Sepsis is a complex condition characterized by the simultaneous activation of inflammation and coagulation in response to a microbial insult. Clinical features of sepsis include varying degrees of alterations in temperature, mental fog/AMS, hypotension, decreased urine output, and unexplained thrombocytopenia and initial assessment should include careful evaluation of these systems. There are three stages to sepsis that exist along a continuum. The first stage is sepsis as defined by the SIRS criteria including a temperature > 38o C or <36o C, tachycardia with a heartrate of > 90/min, tachypnea with a respiratory rate >20/min or requiring mechanical ventilation, and WBC > 12 x109/L or < 4 x109/L. The presence of two or more of these criteria suggests sepsis. The second stage is severe sepsis, which includes organ dysfunction and hypotension in addition to the criteria from sepsis. The third stage is septic shock which includes the elements of severe sepsis with the addition of persistent arterial hypotension (systolic arterial pressure < 90 mmHg or mean arterial pressure (MAP) of < 65 mmHg usually requiring vasopressors and >2 organs effected (Polat et al, 2017). Additionally, in the inpatient hospital setting, an increase of a SOFA score of > 2 points including AMS or GCS <15, SBP < 100 mmHg, and respiratory rate > 22/min, should prompt consideration of a possible infection (Gyawali, Ramakrishna, & Dhamon, 2019). Using the criteria above, the patient in the scenario is experiencing severe sepsis as evidenced by fever, leukocytosis, hypotension, AMS, and the presence of end organ dysfunction in only one organ.
Not all the elements listed above are always present in sepsis due to immunocompromised states, physiology changes associated with older age, and other critical illnesses that may result in alterations in temperature, heart rate, and respiratory rate. As such, the differential diagnoses are broad and may include pancreatitis, DKA, dehydration, and pulmonary embolism. There is no specific treatment for sepsis and management relies on protocols, infection control, and support of organ function (Vincent, 2016). The initial stages of sepsis treatment are driven by goal directed therapy to prevent transition to a more severe illness and includes serum lactate measurement, procalcitonin level, appropriate cultures, administration of broad-spectrum antibiotics, the administration of isotonic fluids during the first 3 hours. For severe sepsis and hypotension unresponsive to initial fluid resuscitation, a vasopressor, preferable norepinephrine, may be added and fluids changed to crystalloids at 30 ml/kg for lactate levels > 4 mmol to be guided by ongoing hemodynamic status monitoring and within 6 hours. The treatment for septic shock may include the above with the addition of mechanical ventilation and CVP and SCVO2 monitoring and potentially dialysis/CRRT. At any stage, source control is vital and may include physical or surgical measures including drainage of infected fluid collections, removal of potentially infected invasive devices and resection of perforated intestines (Gyawali, Ramakrishna, & Dhamon, 2019).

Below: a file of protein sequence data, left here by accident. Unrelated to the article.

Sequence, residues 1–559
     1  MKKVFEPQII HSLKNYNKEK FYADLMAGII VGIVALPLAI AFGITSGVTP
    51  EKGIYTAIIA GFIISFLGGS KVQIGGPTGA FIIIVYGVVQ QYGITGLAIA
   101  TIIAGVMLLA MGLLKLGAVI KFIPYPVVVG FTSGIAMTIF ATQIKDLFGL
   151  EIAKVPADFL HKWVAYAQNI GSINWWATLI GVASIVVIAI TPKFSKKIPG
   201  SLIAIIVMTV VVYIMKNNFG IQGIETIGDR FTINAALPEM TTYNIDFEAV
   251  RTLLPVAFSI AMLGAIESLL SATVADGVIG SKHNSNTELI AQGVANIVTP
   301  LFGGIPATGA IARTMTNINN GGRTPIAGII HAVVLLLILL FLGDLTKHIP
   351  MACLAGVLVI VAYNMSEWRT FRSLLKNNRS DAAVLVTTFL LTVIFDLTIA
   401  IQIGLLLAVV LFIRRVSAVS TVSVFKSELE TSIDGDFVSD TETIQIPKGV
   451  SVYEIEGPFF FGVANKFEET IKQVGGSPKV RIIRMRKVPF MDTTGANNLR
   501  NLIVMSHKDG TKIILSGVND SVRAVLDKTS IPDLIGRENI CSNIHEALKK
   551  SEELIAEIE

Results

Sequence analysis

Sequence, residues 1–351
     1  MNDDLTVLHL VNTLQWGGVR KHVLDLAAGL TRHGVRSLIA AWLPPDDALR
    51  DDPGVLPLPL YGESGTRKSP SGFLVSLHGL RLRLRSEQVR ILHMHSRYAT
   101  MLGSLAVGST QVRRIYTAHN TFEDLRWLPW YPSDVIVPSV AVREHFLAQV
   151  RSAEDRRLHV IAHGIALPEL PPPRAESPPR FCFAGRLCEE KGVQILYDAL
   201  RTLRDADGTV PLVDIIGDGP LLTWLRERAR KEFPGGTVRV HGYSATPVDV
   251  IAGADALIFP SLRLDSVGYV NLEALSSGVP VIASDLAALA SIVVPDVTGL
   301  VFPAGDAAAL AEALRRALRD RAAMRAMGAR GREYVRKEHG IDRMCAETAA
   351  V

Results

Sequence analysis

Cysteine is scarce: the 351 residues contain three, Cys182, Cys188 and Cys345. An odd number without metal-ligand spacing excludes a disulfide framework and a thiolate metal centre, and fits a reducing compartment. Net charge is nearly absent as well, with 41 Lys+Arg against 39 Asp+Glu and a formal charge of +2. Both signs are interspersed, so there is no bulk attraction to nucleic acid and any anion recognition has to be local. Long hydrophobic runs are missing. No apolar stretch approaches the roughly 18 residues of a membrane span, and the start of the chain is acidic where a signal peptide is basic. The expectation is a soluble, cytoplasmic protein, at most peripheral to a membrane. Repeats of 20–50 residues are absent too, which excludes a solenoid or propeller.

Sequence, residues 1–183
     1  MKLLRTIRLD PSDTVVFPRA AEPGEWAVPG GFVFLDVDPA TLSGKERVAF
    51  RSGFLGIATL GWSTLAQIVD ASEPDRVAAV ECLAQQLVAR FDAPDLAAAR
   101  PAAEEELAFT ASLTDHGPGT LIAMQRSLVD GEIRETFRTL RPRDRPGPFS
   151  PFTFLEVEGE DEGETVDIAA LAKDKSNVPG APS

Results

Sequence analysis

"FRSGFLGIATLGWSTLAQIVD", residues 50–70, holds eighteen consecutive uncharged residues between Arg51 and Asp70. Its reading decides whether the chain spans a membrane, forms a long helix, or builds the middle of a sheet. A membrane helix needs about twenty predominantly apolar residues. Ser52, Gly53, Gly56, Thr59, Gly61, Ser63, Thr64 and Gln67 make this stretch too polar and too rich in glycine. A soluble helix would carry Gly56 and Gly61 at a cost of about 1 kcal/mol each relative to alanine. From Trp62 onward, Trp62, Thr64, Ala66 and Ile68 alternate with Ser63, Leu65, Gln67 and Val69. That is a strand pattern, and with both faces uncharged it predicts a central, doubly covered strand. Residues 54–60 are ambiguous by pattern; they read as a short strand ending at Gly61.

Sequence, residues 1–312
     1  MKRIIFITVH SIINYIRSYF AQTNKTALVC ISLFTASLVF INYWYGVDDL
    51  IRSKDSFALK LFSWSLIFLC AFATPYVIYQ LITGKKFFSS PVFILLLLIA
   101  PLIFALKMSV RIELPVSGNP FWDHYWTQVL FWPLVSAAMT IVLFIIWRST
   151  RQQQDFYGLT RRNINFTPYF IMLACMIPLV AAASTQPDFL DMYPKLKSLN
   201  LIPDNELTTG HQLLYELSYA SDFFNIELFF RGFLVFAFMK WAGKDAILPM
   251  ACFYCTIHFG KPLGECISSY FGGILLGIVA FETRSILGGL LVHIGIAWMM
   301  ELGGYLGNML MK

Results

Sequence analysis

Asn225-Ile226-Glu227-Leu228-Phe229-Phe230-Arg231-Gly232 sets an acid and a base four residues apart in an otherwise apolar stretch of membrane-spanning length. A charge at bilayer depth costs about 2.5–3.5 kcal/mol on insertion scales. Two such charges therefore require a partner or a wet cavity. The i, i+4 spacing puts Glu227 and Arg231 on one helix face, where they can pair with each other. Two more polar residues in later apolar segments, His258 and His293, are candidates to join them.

Gyawali, B., Ramakrishna, K., & Dhamon, A.S. (2019). Sepsis: The evolution in definition, pathophysiology, and management. SAGE
Open Medicine, 7:2050312119835043. https://doi:10.1177/2050312119835043
Polat, G., Ugan, R.A., Cadirci, E., & Halici, Z. (2017). Sepsis and septic shock: Current treatment strategies and new approaches. The
Eurasian Journal of Medicine, 49(1), 53-58. https://doi:10.5152/erasianjmed.2017.17062
Vincent, J.L. (2016). The clinical challenge of sepsis identification and monitoring. PLOS Medicine, 13(5): e1002022.
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